1. The compliment is appreciated and I thank you but please have a look at the blogs to the right --->

      ...and you will see there is some incredible creativity on display throughout this weird hobby right now, of which this post is but a smidgen.

    2. The way this lines up as of right now, on my screen, that ---> points directly to my blog. Cool! :D

  3. I know it's good when I start thinking about stealing/adapting it straight away and want more when it's done... Very cool.

    Thoughts: ancestors are a good chance to bring up family greivances/ancestors of those you've killed... Or uncomfortable ones- once ancestors are removed enough they may be dismissive/hostile/ashamed of the PC's or vice versa. Think how many must be 4-5 generations removed somehow from Vlad the Impaler, Hitler or Ghengis Khan...

    Wouldn't it be interesting if PC's were very limited in navigating the realm effectively but Deaths/ Necromancers/ powerful undead can navigate up/down/sideways at will to really harrass/stalk/pre-empt/trap/confound & terrorise PC's...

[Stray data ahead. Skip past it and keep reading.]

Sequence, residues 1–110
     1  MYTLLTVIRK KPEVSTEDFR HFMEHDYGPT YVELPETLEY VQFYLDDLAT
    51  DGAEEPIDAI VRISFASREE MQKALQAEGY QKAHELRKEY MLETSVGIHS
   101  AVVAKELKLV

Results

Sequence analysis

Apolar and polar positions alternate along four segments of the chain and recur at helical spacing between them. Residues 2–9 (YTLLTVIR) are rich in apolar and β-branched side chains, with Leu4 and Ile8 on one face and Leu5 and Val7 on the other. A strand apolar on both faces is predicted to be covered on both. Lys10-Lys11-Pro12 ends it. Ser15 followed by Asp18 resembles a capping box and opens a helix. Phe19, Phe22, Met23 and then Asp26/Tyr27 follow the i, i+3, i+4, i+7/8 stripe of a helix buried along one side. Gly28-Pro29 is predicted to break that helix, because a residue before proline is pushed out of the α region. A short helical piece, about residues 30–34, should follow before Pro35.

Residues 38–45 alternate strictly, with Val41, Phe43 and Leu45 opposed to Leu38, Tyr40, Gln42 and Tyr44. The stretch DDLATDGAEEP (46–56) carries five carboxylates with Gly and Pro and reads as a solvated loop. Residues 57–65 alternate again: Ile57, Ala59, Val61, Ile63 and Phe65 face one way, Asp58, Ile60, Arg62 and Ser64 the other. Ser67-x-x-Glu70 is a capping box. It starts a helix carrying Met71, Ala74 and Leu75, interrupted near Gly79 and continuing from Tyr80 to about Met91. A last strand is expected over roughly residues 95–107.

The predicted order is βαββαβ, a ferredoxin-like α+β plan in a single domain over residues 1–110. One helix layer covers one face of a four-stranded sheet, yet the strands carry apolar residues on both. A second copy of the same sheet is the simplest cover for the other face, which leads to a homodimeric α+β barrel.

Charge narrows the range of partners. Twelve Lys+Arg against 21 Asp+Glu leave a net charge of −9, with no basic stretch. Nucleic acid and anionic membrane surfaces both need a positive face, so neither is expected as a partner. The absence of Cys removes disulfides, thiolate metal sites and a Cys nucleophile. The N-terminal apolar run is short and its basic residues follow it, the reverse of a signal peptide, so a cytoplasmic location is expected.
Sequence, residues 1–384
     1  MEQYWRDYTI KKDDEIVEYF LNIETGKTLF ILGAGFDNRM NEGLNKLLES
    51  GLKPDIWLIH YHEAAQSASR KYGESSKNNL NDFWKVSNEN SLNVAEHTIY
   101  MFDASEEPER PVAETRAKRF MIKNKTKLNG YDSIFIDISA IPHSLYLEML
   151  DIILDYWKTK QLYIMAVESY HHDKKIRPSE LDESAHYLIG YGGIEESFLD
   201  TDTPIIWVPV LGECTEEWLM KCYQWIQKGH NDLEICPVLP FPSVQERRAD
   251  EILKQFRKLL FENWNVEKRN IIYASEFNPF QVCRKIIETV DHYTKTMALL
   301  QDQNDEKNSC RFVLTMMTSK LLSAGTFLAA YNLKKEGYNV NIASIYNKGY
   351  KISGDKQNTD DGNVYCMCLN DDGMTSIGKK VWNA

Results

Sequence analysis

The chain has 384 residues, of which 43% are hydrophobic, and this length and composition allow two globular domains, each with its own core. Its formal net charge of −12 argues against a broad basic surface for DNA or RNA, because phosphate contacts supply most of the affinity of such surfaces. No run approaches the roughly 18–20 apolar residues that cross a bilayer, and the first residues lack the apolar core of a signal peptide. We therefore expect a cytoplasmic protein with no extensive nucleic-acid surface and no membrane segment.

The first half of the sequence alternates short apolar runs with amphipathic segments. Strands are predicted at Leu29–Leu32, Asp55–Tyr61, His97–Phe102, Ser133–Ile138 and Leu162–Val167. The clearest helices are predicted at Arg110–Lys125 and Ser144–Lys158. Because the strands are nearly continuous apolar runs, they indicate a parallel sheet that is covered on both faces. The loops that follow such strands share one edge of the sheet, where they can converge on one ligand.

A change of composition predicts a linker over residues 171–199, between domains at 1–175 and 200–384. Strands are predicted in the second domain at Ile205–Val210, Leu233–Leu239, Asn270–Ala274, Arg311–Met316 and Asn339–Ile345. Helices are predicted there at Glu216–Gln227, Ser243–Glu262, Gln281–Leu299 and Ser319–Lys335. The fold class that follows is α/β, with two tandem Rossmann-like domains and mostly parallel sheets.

1. Hi Reason, thanks! Meant to reply to your comment with the comment below!

  4. > Deaths/ Necromancers/ powerful undead can navigate up/down/sideways at will to really harrass/stalk/pre-empt/trap/confound & terrorise

    This is very cool- I think it's the random encounters that really have the potential to make each trip into the realm of the dead unique, and some of the entities will definitely be able to navigate this realm in a way incomprehensible to the party.

    I've also been thinking about linking encounters to party HP/health/life-force etc. WIP but something like creatures coming to claim them if the linger in the realm too long.

  5. Well my base idea for that was life= freedom, choices & movement; death should be limiting, stultifying & oppressive/restricting.

    Imagine being able to move up/down & any 4 cardinal directions at first. But losing one of those for each part member injured... discovering that & wondering whether your path was now being directed toward... Or after half are injured, having to make a save to stop being swept in the direction you DON'T want anytime you leave a vignette... Normally reducing agency is "bad" but in the realm of the Dead to show things are changingas they get closer to death...

    "I've also been thinking about linking encounters to party HP/health/life-force etc" more frequent random encounters after injury is cruel but might do it. Or you could put certain creatures in the higher number brackets & roll with advantage or roll 2 dice to release the nasties at the top of the list...